A complete guide to Anaphylaxis first aid

Anaphylaxis is the most severe form of allergic reaction and is potentially life threatening. It must be treated as a medical emergency, requiring immediate and urgent medical attention.

Anaphylaxis occurs after exposure to an allergen (usually to foods, insect stings or medicines), to which a person is already extremely sensitive. It results in potentially life threatening symptoms, which include:Signs of Anaphylaxis

  • difficult/noisy breathing
  • swelling of tongue
  • swelling/tightness in throat
  • difficulty talking and/or hoarse voice
  • wheeze or persistent cough
  • loss of consciousness and/or collapse
  • pale and floppy (in young children)

In some cases, anaphylaxis is preceded by less dangerous allergic symptoms. Symptoms can include:

  • swelling of face, lips and eyes
  • hives or welts on the skin
  • tingling mouth
  • stomach pain, vomiting (these are signs of a mild to moderate allergic reaction to most allergens, however, in insect allergy these are signs of anaphylaxis)

Several factors can influence the severity of anaphylaxis, including exercise, heat, alcohol and in food allergic people, the amount eaten, how it is prepared and consumed.

Common Anaphylaxis triggers

Milk, eggs, peanuts, tree nuts, sesame, fish, shellfish, wheat and soy are the most common food triggers, (90% of allergic reactions). In some people even a very small amount of food can cause a life- threatening reaction. Some extremely sensitive individuals can react to just the smell of particular foods being cooked (e.g. fish) or even kissing someone who has eaten the food they are allergic to.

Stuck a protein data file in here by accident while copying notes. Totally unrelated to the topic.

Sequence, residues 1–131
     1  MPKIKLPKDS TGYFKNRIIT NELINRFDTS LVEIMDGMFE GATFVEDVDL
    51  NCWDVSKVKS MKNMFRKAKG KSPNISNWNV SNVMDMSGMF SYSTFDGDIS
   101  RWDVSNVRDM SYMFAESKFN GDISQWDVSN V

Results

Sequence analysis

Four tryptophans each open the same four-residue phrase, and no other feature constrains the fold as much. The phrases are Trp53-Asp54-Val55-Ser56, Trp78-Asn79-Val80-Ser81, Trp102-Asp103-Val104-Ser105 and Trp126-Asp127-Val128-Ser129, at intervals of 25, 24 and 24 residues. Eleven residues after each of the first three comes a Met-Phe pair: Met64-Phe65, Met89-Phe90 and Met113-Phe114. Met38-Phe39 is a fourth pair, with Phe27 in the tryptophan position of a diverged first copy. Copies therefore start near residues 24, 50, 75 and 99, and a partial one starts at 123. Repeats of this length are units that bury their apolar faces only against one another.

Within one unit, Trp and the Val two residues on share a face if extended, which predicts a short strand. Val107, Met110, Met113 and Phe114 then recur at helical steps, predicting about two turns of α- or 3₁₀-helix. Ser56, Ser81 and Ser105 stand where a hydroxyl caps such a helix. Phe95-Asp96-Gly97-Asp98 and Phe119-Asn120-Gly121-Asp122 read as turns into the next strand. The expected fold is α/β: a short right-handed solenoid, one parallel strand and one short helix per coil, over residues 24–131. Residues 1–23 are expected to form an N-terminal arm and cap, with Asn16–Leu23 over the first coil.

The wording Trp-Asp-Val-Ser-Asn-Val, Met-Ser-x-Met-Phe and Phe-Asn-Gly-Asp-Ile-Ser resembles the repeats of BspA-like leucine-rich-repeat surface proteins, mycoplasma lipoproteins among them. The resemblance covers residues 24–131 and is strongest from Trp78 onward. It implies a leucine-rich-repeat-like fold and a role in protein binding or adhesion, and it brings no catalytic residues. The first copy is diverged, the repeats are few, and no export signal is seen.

Bites and stings
Bee, wasp and ant stings are the most common triggers of anaphylaxis.

Medications, both over the counter and prescribed, can cause anaphylaxis. Individuals can also have anaphylactic reactions to herbal or ‘alternative’ medicines.

First aid for Anaphylaxis

  • Call for emergency medical helpEpinephrine Autoinjector
  • For food allergy: if the allergen is still in the mouth, spit it out and rinse the mouth out
  • For insect allergy: flick out the sting if it can be seen (but do not remove ticks)
  • Locate and give adrenaline auto-injector (‘EpiPen’ / ‘AnaPen’ / ‘Jext’)

Further adrenaline doses may be given if there is no response after 5 minutes.

If in doubt, give the adrenaline autoinjector! Adrenaline is life saving and must be used promptly in order to effectively treat anaphylaxis.

Want to learn more about Anaphylaxis? Sign up to a free Online Anaphylaxis Awareness course to improve your knowledge.

You may also like...

1 Response

  1. Good work, however, a poor photo choice, illustrating how to use an Auto-Injector. We MUST stress thumbs away, to prevent accidental NeedleStick injury & error during administration. Otherwise, liking. Keep up the good work.

Leave a Reply

Your email address will not be published. Required fields are marked *